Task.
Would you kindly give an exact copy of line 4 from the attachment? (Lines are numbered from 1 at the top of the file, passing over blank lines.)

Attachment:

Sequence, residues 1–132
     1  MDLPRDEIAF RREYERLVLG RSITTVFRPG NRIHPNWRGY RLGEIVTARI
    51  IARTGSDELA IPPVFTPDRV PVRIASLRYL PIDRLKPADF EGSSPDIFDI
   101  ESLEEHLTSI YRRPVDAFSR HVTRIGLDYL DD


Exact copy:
   101  ESLEEHLTSI YRRPVDAFSR HVTRIGLDYL DD